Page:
Not-for-profit organisation Corruption Watch (CW) on Wednesday released its ‘X-Ray: The critical state of the health sector in SA’ report which aims to uncover the impact of corruption in the healthcare sector.
The report demonstrates how people who are reliant on public health facilities in South Africa bear the brunt of corruption.
According to the report author, Corruption Watch researcher Melusi Ncala South Africa’s major challenge is to apportion scarce resources to an ailing public health sector inherited from the country’s apartheid era.
Since its launch in 2012, CW has received almost 700 reports of corruption in the health sector.
Ncala says in a country where people are afraid to report corruption, these reports are significant.
“They highlight the troubling reality that it is the most vulnerable in our society, namely the elderly, women, and children, who are most likely to bear the brunt of the fall-out from corruption. This corruption takes a variety of forms, ranging from embezzlement of funds to procurement irregularities resulting in shortages of medication and malfunctioning equipment, or pressure to pay bribes for access to services that are a basic human right,” said Ncala.
According to the report, the most widespread forms of corruption in the health sector countrywide are employment corruption at 39%, procurement corruption at 22%, and the misappropriation of resources at 16%.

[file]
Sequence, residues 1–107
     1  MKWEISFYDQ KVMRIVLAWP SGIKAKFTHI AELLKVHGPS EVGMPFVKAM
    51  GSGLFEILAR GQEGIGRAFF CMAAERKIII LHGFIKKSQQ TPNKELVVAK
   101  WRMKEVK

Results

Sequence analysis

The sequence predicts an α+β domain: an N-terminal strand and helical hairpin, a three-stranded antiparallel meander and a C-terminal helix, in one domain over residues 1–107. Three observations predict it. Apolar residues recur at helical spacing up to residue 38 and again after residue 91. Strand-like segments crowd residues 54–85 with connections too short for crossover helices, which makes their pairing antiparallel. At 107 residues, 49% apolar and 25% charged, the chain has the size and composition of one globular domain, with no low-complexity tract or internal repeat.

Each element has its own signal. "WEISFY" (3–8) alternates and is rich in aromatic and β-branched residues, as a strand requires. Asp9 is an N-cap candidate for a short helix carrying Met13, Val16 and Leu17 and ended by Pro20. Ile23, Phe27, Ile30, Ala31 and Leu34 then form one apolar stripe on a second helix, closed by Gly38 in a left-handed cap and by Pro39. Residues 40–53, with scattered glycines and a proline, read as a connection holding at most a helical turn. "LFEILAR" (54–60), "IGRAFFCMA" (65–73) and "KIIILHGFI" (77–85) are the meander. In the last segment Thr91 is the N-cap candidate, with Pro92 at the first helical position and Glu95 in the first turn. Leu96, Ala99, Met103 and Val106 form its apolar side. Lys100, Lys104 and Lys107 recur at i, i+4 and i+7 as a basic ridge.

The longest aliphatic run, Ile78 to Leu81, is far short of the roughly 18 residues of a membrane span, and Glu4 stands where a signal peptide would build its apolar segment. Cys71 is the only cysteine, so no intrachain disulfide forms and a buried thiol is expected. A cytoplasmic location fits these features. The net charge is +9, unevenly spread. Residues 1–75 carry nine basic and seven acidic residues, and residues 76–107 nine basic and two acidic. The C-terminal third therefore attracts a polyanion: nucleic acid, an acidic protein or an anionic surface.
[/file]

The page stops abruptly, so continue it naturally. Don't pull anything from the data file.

In employment, this manifests as absenteeism, allegations of nepotism and favouritism, and the appointment of unsuitable candidates, with no accountability for decisions around employment.
Cases of employment corruption were highest in the Northern Cape at 55%, followed by Mpumalanga at 51%, and KwaZulu-Natal at 36%.
The report also highlights corruption in procurement as a concern, which takes the form of inflated pricing, irregularities in awarding of tenders, preferential treatment of suppliers, and kickbacks paid to officials when contracts are awarded.
Most cases of corruption in the area of procurement were reported in Limpopo at 50%, followed by Free State at 46%, and the Western Cape at 28%.
Also featured in the report are cases relating to misappropriation of resources, which involves the mismanagement of funds and use of State resources by officials and employees of various hospitals and clinics for personal benefit.
These activities result in shortages of medication, lost or damaged equipment, and unlawful pressure on State resources, and in some cases loss of life.
“The criminals occupying the halls, offices, wards and dispensaries of our health centres are compounding the problems we face by siphoning funds from a kitty that is running dry and by thieving from depots that are short on medical supplies,” says Ncala.
He says at the end of it all, almost 50-million people's constitutional right to life amounts to nought.
Ncala says the issue of corruption in the health sector should be of paramount concern as it prevents a vast section of the population from accessing their right to decent healthcare.